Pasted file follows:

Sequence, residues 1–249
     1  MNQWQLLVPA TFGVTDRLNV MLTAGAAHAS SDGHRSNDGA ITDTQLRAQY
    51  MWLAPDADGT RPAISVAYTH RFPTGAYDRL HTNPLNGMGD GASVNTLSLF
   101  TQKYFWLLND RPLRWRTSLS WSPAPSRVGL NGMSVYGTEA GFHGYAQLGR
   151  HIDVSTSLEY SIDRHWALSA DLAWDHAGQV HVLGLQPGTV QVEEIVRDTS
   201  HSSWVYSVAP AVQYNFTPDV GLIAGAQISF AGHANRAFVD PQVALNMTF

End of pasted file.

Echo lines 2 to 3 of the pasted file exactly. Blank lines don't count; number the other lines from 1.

     1  MNQWQLLVPA TFGVTDRLNV MLTAGAAHAS SDGHRSNDGA ITDTQLRAQY
    51  MWLAPDADGT RPAISVAYTH RFPTGAYDRL HTNPLNGMGD GASVNTLSLF